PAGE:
I was born in St. Petersburg, Russia,
and I was adopted and brought home to the United States by my family in the frigid winter of 1994—I was just under one year old.
I was given a wonderful childhood and countless opportunities I never would have known had I stayed in Russia. Most likely growing up in an overcrowded orphanage.
So I’ve have always recited this story hurriedly, without fanfare.
I never really overthought it because I’m so confident I’m part of my family, and being adopted by them was part of God’s overall plan for my life.
But lately, I’ve been pondering the matter a little more deeply.
What does it really mean to be adopted?
On one hand, adoption was the best thing that ever happened to me, but giving me up might have been the hardest moment of my birth mother’s life.
I have had a happy existence in my small Georgia town, but sometimes I pause to consider that the woman who conceived and carried me for nine months just as I have my own two precious children—she is a stranger to me despite the cord that once bound us together.
My life hangs in a delicate balance. I have been brought in, loved, and chosen in a tangible way that those who are not adopted can only experience as they consider their adoption by God.
But in order to be chosen by my mom and dad, I had to be relinquished by my biological parents. Gain and loss, all at once. Closeness and separation. Familiarity and estrangement.
A woman came to a hospital as two and left as one, while a small family of four left the USA and returned a family of five.
Adoption, for me, means I have a great deal of question marks.
Questions about the day of my birth—my ancestry, my genetic history, my birth mother’s eye color, my birth father’s skin tone.
These are answers I may never receive, but I am learning to be content while also having questions.
Many people want to put adoption into one of two distinctly different categories—
In this category, we’re expected to view adoption as a strange, artificial sort of family that is intrinsically insufficient and only repaired by meeting our “real parents,” which may never happen.
In this school of thought, adoption is not quite enough for the child and is only viewed through the lens of what is lost, both for the mother and the child.
This view only focuses on the trauma, while forgetting the miracle.
In this category, adoption is the panacea. It’s the glossy family we all aspire to be.
Here, we see adoption as a picturesque sort of religious rite, where those who are holiest adopt, and everything always turns out rosy. This view only focuses on the miracle, while forgetting the trauma.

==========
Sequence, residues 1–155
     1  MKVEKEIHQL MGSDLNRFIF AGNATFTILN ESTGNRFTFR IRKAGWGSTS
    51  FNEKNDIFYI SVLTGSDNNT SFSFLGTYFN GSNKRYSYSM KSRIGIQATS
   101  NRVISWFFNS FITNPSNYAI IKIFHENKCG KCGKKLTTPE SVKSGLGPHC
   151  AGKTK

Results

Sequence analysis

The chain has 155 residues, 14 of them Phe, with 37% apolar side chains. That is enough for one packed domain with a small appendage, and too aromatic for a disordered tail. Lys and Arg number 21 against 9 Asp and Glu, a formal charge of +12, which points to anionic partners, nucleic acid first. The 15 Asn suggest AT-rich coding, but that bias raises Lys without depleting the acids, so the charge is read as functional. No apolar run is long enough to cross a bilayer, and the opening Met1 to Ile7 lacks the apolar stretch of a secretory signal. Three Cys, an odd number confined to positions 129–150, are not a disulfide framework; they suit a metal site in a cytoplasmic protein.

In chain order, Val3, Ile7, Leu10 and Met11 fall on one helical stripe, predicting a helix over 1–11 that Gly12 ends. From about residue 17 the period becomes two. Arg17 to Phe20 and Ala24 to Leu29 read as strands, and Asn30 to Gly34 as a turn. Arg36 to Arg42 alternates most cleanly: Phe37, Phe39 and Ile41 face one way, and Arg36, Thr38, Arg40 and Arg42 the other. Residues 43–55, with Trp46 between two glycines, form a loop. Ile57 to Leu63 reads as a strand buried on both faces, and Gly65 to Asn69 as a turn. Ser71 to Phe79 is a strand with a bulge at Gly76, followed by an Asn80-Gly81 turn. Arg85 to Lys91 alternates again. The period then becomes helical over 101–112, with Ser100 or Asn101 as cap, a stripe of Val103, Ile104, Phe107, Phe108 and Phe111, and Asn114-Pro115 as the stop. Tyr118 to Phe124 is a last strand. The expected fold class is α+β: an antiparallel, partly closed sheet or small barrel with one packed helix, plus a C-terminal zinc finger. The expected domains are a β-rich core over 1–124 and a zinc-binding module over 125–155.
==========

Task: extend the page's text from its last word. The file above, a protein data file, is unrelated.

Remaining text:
I believe adoption for most of us lies somewhere in the middle. And I believe that the best thing adoptees and adoptive parents can do is embrace this middle ground of questions and mysteries.
The Uncertainty of Adoption
I will probably never know my genetic history, but I can trust that God knows the beginning from the end.
Also, I don’t look like my sister, but I know that we are sisters, inextricably tied for life.
And I don’t know anything about the day I was born, but I know plenty about the day I came home.
And isn’t this true for all of us, plodding through life, full of questions and uncertainty? None of us is granted a straight, smooth path, free of detours and bumps in the road. Part of being human is being uncertain.
Being adopted has made me more keenly aware of my own questions. But I thank God for this, because it has pushed me toward my Father in heaven. He knows me better than anyone on earth. I find my identity in Him.
Long before I was relinquished and chosen again, God chose me and set me apart. And because I am adopted twice, I feel as though I understand His heart for me a tiny bit better than most.
Sarah D. Shearer is a writer, wife, and mother. She was adopted from Russia as a baby but has spent her life in Thomasville, Georgia. She is passionate about encouraging people to overcome and maintain a positive perspective.
Sarah is married with two beautiful children. She and her family live on a sprawling rural farm, which gives her, as L.M. Montgomery says in Sarah’s favorite childhood novel Anne of Green Gables, great “scope for the imagination.”
Sarah also enjoys writing for local magazines, reading, and celebrating her friends and family. You can find her on social media @sarahdshearer
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